Breaking Records: Applying probability to snowfall in Boston

Last Updated: March 4, 2015 (12:30 PM, EST)

The current probability that Boston, Massachusetts will break the 1995-1996 historical record for most snow in one season is 75%.

Problem Framing. Given that Boston has accumulated 105.7 inches of snow as of March 4, what is the chance that the 2014-2015 snow season will break the 1995-1996 historical record (a whopping 107.6 inches!) for most snowfall in one season?

Methods. To match or break the record, Boston would need to accumulate another 1.9 inches or more between March 5, 2015 and the end of April 2015. In order to assess the likelihood of this occurring, monthly snowfall data for Boston, Massachusetts from the Logan Airport weather station were collected. Data were available from 1920 to 2014 (N = 95). The amount of snow that accumulated between March 5 and April 30 for every year between 1920 and 2014 was then calculated using the following expression:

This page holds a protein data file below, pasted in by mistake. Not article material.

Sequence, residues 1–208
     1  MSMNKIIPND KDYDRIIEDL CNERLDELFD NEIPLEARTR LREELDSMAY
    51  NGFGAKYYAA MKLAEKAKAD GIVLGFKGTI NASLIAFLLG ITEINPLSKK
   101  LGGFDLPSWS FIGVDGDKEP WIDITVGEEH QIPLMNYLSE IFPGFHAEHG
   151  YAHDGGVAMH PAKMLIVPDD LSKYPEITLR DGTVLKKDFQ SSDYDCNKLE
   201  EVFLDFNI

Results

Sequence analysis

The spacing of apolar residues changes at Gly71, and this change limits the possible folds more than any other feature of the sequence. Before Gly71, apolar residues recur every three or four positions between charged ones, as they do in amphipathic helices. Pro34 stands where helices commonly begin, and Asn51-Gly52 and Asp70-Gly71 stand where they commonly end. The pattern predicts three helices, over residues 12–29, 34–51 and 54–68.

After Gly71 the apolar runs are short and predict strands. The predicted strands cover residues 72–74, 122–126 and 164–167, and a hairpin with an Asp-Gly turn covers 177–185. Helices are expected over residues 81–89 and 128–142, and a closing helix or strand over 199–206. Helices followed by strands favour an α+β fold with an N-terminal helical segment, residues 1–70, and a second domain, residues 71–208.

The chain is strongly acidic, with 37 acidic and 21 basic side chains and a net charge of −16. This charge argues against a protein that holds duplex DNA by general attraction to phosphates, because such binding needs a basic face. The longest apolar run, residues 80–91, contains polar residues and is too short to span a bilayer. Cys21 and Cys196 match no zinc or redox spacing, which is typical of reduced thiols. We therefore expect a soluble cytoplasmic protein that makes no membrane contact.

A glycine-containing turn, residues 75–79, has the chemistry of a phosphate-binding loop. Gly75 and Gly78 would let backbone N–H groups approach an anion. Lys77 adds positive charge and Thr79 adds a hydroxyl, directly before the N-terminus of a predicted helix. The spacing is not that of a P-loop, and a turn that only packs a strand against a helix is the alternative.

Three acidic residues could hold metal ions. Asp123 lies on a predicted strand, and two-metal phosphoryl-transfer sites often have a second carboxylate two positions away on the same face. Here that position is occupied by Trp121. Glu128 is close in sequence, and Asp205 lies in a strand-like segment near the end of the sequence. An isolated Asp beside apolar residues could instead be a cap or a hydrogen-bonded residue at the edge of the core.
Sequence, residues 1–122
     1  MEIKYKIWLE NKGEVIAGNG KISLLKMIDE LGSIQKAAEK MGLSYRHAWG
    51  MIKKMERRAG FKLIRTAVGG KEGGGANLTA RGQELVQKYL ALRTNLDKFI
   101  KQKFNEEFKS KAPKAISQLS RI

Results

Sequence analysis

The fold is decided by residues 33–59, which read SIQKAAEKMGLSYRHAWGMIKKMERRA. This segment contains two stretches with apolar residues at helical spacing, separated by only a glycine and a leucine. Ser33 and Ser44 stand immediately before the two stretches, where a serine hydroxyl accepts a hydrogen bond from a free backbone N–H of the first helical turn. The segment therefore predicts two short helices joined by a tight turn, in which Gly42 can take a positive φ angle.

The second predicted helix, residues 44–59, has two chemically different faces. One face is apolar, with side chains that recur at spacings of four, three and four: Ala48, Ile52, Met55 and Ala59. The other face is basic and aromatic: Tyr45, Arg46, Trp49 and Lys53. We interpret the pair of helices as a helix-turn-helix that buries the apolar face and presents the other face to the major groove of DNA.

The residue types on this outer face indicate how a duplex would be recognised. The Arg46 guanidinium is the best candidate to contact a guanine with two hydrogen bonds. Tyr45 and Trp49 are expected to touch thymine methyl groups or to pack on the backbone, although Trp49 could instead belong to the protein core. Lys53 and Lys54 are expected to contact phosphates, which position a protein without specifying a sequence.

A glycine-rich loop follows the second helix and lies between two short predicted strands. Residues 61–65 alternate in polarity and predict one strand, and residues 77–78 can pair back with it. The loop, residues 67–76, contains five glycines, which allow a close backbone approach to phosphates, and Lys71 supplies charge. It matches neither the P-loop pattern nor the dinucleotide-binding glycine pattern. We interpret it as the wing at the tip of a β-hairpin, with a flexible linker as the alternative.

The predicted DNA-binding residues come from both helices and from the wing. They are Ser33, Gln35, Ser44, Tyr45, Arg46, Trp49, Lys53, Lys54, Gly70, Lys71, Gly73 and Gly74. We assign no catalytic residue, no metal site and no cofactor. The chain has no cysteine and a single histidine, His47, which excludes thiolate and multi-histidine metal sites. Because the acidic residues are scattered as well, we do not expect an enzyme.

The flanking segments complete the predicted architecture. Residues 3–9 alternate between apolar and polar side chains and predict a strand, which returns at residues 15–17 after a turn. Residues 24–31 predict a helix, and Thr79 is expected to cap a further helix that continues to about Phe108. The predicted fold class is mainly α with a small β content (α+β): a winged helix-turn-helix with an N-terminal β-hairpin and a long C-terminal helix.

hw1_extracred_formula_3.4.15Note: This expression assumes that the expected snow fall on any given day of March is uniform across the entirety of the month. Because daily snowfall data are not readily available, this assumption allows us to make the calculations necessary to address the question of interest.

Results. Boston accumulated more than 1.9 inches of snow between March 5 and April 30 in 71 of the 95 years (~75%) on record. Thus, the likelihood that Boston will accumulate another 1.9 inches of snow before the end of the 2014-2015 snow season and break the 1995-1996 historical record is ~75%.

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One thought on “Breaking Records: Applying probability to snowfall in Boston

  1. Pingback: Boston breaks seasonal snowfall record! | Mens et Manus

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